California Approves Bill That Bans Key Ingredients Found In Popular Candies

California Approves Bill That Bans Key Ingredients Found In Popular Candies


There’s been a lot of developments happening in Califronia’s food industry. From the approval of lab-grown meat consumption, to the passing of a bill that grants fast food workers more power and protection, the food landscape of the state is gradually beginning to shift.

The latest bill to receive approval from The California State Assembly bans certain ingredients commonly found in popular candies. According to ABC 7, staple sweets like Skittles, Nerds, along with other processed foods will all be impacted.

Named Assembly Bill 418, it was proposed by Rep. Jesse Gabriel from Woodland Hills, and now moves to the state Senate for review. The bill bans processed foods that include the chemicals red dye no. 3, titanium dioxide, potassium bromate, brominated vegetable oil, and propyl paraben. California is the first U.S. state to follow in the steps of the European Union, who banned the five chemicals years ago.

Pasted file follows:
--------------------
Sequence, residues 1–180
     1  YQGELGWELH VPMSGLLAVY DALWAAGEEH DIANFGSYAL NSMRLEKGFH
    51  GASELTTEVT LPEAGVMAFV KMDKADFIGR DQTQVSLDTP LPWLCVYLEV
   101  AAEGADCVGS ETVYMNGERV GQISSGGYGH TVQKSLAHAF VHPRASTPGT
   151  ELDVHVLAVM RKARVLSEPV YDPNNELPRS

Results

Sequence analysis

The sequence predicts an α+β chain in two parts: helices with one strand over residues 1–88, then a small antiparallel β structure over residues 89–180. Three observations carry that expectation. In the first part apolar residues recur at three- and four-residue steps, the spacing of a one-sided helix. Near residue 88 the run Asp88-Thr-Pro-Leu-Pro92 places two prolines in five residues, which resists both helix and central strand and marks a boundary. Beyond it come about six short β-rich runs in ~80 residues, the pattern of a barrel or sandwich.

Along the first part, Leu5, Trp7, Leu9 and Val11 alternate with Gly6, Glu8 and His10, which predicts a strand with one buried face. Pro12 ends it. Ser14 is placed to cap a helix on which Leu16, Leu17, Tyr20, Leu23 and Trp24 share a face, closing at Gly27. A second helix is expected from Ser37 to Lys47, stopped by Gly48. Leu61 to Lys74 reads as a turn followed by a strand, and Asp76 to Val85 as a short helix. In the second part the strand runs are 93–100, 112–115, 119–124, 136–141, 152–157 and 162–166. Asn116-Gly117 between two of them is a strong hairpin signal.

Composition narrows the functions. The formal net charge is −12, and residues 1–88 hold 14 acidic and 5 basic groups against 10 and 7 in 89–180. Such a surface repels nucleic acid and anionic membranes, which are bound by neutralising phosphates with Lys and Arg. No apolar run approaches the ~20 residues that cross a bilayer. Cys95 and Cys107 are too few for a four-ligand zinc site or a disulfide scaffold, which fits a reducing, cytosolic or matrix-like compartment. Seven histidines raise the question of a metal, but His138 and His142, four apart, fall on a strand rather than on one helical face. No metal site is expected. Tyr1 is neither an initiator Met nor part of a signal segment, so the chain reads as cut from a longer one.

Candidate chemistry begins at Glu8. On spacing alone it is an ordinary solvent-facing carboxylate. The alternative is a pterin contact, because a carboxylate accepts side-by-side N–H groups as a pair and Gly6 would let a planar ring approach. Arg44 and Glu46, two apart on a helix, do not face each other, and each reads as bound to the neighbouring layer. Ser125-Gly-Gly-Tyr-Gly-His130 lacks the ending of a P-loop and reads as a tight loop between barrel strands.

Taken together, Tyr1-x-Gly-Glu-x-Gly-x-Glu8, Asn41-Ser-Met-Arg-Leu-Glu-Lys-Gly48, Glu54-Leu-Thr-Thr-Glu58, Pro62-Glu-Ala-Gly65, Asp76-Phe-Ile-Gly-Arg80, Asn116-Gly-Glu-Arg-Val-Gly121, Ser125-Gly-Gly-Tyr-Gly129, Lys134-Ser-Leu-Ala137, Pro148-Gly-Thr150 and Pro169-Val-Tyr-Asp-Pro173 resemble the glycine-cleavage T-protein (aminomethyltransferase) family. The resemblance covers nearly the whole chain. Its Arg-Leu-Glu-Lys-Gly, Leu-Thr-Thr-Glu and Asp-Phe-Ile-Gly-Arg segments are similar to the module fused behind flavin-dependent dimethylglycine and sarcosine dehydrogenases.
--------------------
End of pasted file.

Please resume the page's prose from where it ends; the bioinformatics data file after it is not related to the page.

Photo: Martin Weller


“Today’s strong vote is a major step forward in our effort ot protect children and families in Cliafornia from dangerous and toxic chemicals in our food supply,” Gabriel said. “It’s unacceptable that the U.S. is so far behind the rest of the world when it comes to banning these dangerous additives.”

This is interesting following the recent story we shared where food scientist Bruno Xavier breaks down and recreates Skittles. In the video, he explains what role each ingredient plays and whether or not they’re healthy for consumption. He goes on to state that some listed ingredients are in fact toxic at large doses yet harmless in small quantities.

Studies have shown the health risks of consuming the chemicals, which include cancer, behavioral issues in children, reproductive and immune system harm. Most often, the chemicals are used to extend shelf life and enhance taste and aesthetic. While many popular brands like Coca-Cola, Pepsi, and Gatorade have already stopped using the chemicals, California’s new bill will no doubt incentivize other brands to do the same.

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